Left to Right: Conor Daly No.25 Honda; Crew Chief Paul ‘Ziggy’ Harcus & Team Owner Micheal Andretti; and Conor Daly No.25 Honda.

At the end of the day, the top five overall were Daly, Andretti, Sato, Spencer Pigot/No.21 AutoGeek Ed Carpenter Racing Chevrolet, and Ryan Hunter-Reay. Sixth through tenth were Ed Carpenter/No.20 Preferred Freezer Services Ed Carpenter Racing Chevrolet, Charlie Kimball/No.23 Fiasp Carlin Chevrolet, Josef Newgarden/No.2 Shell V-Power Nitro Plus Team Penske Chevrolet, and Ed Jones/No.63 Ed Carpenter Racing Scuderia Corsa Chevrolet. The top Rookie was Santino Ferrucci/No.19 Cly-Del Manufacturing Dale Coyne Racing Honda, in nineteenth place.

Mario Andretti and grandson Marco Andretti/No.98 Honda

No.30 Takuma Sato RHLL Honda

No.28 RHR Andretti Autosport Honda

Left to Right: Mario Andretti and grandson Marco Andretti; Takuma Sato No.30 Honda; and Ryan Hunter-Reay No.28 Honda.

The top drivers with No Tow speeds were Jones, Carpenter, Alexander Rossi/No.27 NAPA AUTO PARTS Andretti Autosport Honda, 2018 Indy 500 Winner-Will Power/No.12 Verizon 5G Team Penske Chevrolet, and Pagenaud. Sixth through tenth were: Graham Rahal/No.15 United Rentals Rahal Letterman Lanigan Racing Honda, Andretti, Scott Dixon/No.9 PNC Bank Chip Ganassi Racing Honda, Newgarden, and Rookie Colton Herta/No.88 Harding Steinbrenner Racing Honda.

Graham Rahal/No.15 United Rentals Rahal Letterman Lanigan Racing Honda has been playing chicken with the wall this week, narrowly missing it by micro-measurements. He finally grazed it Friday afternoon with about an hour plus left in the session. He kept going and pitted, finishing 22nd, with a best lap of 229.449 on Lap 8 of his 41.

Sage Karam’s No.24 DRR Wix Filters Dreyer Reinbold Racing Chevrolet got a workout Friday. Both DRR drivers had a go in it, with JR Hildebrand shaking it down for for five laps. Karam ending up thirteenth overall at 229.932 mph on his last of 43 laps.

Juncos Garage

Juncos  Salvage Yard

Not surprising that every drive, save one, turned his/her fastest times Friday. The one exception was Kyle Kaiser/No.32 Juncos Racing Chevrolet, who only turned one lap.

Kaiser hit the Turn Three wall and performed an aerobatic spin and flip, similar to that of yesterday’s crash by Rookie Patricio O’Ward/No.31 Carlin Chevrolet. Kaiser was unhurt and cleared to drive. His car was not, and after assessment, the team decided to rebuild its backup car, the one Kaiser drove at COTA earlier this year. It is a painted, not wrapped car. After being checked out in the Medical Center, he said “I’m fine. I’m grateful for the technology and safety that’s built into these cars – that was a big hit; I felt it.” He was 26th overall at the time of the accident. The car gouged the track, which needed quick fix. No doubt a more lasting repair will be done overnight.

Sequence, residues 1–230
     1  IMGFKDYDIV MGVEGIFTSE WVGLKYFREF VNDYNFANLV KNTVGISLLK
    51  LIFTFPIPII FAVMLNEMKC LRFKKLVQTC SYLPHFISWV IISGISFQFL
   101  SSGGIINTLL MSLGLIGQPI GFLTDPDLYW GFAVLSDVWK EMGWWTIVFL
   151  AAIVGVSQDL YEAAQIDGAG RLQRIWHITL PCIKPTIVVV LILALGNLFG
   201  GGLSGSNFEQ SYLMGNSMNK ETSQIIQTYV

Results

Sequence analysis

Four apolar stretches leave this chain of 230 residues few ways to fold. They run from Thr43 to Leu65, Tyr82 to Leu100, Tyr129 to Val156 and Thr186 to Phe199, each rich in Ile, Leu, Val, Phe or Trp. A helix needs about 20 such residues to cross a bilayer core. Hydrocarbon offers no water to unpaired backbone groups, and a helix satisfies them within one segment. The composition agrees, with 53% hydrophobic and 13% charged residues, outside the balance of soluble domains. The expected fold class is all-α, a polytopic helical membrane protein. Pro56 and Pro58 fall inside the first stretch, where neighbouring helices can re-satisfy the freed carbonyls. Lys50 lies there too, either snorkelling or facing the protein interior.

Team Owner Ricardo Juncos said “We are very grateful that our driver Kyle (Kaiser) was not injured and safely walked away from the massive hit he experienced today at IMS. As everyone knows this has been a very intense month for our NTT IndyCar Series program. Despite off track set backs, that has not stopped this team from going out and performing during practice this week. We have been up to the Top-5 in no tow speeds and have consistently improved our times each day. Now we are faced with the challenge of getting our back-up car on track and set for qualifying tomorrow, but I am completely confident in this amazing group we have here at Juncos Racing to make it happen. This group will not stop working until we get our #32 back on track. We want to thank all of the teams who are willing to help out with parts, Chevrolet, and the fans who have stopped by to express their well wishes. We will be working hard all day and night.”

Nearly all the NTT IndyCar Series teams have offered help and parts, said a team spokesperson. “That’s what is so nice about the IndyCar family.”

McLaren Garage

Another rebuilt car which is painted, not wrapped, is the No.66 McLaren Chevrolet for Fernando Alonso. The team admitted the paint was still wet when they bolted on parts this morning. Alonso was one of the first cars on course Friday morning, after missing all day Thursday while the team built/rebuilt its backup car. Alonso was 24th overall, with 77 laps, with his fastest speed of 228.328 mph on his last lap. He was 30th for No Tow, at 226.869 mph. He turned the second most laps of any driver, right behind Rookie Ben Hanley/No.81 10 Star Dragon Speed Chevrolet, who ran 81 laps. He finished last.

Frnando Alonso

Gil de Ferran

Fernando Alonso

Left to Right: Fernando Alonso; Gil de Ferran; and Fernando Alonso.

Alonso attended the post-session conference, along with McLaren Sporting Director, Gil de Ferran. Alonso made light of having so many tires at his disposal. “Yeah, it was frustrating”, not being able to get out at all on Thursday. But yeah, nothing we could do at that point; yeah, having that extra time to check everything and to be ready. It was frustrating, but at the same time, as I said before, we saved a lot of tires that we were able to set up the car today maybe in a more — in a better way.

“It was a positive day for us (Friday), and we were able to put the car on track and try different directions on the setup and learn a little bit about the track and the day. Obviously, the boost was up today, so the speeds were higher, and it was more a qually (qualifying) preparation than race setups. But we had a lot of new tires from the last couple of days. So, we were able to do a lot of runs, and hopefully, that information will give us tomorrow a little bit of confidence into qualifying.”